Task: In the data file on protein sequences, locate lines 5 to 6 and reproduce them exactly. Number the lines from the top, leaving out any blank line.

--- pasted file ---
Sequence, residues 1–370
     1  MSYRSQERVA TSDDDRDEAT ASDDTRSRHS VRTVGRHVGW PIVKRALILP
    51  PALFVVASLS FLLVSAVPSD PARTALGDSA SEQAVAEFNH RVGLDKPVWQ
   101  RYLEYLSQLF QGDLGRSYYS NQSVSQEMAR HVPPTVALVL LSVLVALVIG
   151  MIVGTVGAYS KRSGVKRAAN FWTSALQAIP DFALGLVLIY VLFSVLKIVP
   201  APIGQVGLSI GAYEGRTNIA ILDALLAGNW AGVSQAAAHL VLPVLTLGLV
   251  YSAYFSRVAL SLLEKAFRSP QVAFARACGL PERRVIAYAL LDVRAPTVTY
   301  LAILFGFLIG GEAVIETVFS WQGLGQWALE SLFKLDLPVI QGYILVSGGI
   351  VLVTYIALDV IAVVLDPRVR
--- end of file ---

   151  MIVGTVGAYS KRSGVKRAAN FWTSALQAIP DFALGLVLIY VLFSVLKIVP
   201  APIGQVGLSI GAYEGRTNIA ILDALLAGNW AGVSQAAAHL VLPVLTLGLV